Stand by your man: Quit working
People have different opinions about stay-home moms. I remember a couple of years ago; there was an essay in the New York Times by Terry Martin Hekker, a self-appointed spokesperson for stay-at-home moms. “I spoke to rapt audiences about the importance of being there for your children as they grew up, of the satisfactions of ‘making a home,’ preparing family meals and supporting your hard-working husband. So I was predictably stunned and devastated when, on our 40th wedding anniversary, my husband presented me with a divorce,” she recalled.
Hekker does not regret ever marrying her husband and bearing five children. What she regrets is giving her economic independence by staying home and sacrificing her ability to support herself adequately.
Some women on the other hand see their decision to give up paid work to support their husbands and take care of their families as a positive choice that reflects their values and should therefore be respected. Author of “Beside Every Successful Man” Megan Basham, argues that women who quit their jobs are in a better position of supporting their husbands’ careers, hence increasing their family income.
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The idea of a woman taking time off work to learn how to help her husband achieve his best in his career is somehow controversial. In the 21st century, choosing economic dependency as a lifestyle is seen as the age old feminine mistake of the century. And No matter the reasons, it’s quite risky to count on a man to take care of you over the long haul.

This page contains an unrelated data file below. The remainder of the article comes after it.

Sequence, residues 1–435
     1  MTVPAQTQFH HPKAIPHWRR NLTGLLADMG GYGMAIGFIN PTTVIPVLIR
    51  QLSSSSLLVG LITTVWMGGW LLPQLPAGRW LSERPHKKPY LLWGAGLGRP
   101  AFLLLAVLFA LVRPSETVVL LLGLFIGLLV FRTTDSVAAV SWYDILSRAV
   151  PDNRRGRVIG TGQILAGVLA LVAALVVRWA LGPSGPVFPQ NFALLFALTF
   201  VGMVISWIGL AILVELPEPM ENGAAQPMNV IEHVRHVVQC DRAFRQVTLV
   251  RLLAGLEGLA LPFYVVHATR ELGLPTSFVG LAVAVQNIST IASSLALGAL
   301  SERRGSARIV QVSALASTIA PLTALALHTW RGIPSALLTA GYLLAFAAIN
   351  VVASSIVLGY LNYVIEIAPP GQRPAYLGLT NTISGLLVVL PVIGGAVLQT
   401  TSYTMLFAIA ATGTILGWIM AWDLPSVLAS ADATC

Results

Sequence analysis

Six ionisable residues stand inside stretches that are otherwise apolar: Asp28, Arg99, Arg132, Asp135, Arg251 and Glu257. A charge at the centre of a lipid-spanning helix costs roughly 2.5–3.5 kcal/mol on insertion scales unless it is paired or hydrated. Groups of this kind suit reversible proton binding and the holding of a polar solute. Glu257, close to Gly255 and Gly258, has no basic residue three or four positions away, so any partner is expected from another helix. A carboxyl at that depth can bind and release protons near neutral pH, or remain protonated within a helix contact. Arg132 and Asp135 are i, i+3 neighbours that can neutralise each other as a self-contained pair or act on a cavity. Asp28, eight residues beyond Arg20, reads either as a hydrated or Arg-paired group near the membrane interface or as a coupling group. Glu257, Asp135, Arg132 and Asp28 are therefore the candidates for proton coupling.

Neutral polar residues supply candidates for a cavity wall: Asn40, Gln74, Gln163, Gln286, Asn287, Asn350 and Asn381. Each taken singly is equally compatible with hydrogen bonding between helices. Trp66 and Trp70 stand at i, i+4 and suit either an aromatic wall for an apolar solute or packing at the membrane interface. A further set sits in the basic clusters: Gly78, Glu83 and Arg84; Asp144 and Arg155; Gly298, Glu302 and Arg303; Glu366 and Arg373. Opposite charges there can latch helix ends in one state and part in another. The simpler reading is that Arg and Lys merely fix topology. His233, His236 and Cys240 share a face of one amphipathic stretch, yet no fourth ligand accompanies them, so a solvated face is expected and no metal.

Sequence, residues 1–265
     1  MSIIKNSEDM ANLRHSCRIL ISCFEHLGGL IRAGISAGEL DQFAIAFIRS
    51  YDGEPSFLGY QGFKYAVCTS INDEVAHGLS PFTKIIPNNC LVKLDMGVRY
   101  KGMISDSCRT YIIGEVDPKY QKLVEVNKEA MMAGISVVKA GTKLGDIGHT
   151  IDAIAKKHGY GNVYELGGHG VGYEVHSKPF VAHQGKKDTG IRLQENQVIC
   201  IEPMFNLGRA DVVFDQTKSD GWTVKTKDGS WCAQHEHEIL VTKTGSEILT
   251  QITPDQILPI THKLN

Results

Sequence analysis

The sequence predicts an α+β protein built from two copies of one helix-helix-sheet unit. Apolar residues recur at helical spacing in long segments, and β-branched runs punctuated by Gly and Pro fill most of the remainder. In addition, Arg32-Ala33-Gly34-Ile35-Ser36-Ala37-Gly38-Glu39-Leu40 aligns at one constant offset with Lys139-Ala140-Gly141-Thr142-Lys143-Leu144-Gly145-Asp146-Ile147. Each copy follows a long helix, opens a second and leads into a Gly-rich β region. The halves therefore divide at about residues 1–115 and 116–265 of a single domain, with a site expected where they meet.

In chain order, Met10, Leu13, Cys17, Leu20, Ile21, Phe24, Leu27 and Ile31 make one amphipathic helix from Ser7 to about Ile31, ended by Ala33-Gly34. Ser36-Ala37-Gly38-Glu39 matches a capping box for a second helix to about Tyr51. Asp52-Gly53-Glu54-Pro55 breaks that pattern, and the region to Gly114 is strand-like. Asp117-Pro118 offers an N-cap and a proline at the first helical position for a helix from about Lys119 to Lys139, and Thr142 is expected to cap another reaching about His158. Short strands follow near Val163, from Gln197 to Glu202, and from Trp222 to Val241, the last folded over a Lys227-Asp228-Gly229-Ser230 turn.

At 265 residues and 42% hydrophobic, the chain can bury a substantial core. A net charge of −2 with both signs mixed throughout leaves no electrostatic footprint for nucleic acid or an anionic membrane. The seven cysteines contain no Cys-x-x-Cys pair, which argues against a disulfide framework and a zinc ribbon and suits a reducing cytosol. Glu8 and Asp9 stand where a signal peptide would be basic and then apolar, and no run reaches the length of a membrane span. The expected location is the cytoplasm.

Most working women wish that they could cut back on working hours so they can spend more time with their families but then again in order to sustain their lifestyles, their families usually require two full-time incomes. They hate that they have to work, envying their stay-at-home counterparts.
Much as they really want to take a time-out from their careers, most women are not able to. Some like Hekker above, are scared of the risks of being economically dependent on their husbands. They are worried of what will happen when the husband isn’t there (death or divorce).
I prefer being in a relationship where a husband and wife share responsibilities, both domestic and economic. I don't think I would want my wife home so she can support my career. What if I get fired? I really don't get Basham's argument. I guess I will have to get me the book. I am not criticizing stay-at-home moms for placing the needs of their children ahead of other considerations, or Basham for encouraging women to stay home and support their husband’s careers. It’s just that it has cost women far too much over the last century.
Even with this, The Bureau of Labor Statistics have found that 1.2 million more mothers are staying home now than did ten years ago, and that millions more have downshifted to part-time work. To add to the stats most of them are affluent, well-educated women in their thirties.
Is staying at home an ideal way to help husbands’ careers or are stay-home moms risking everything?
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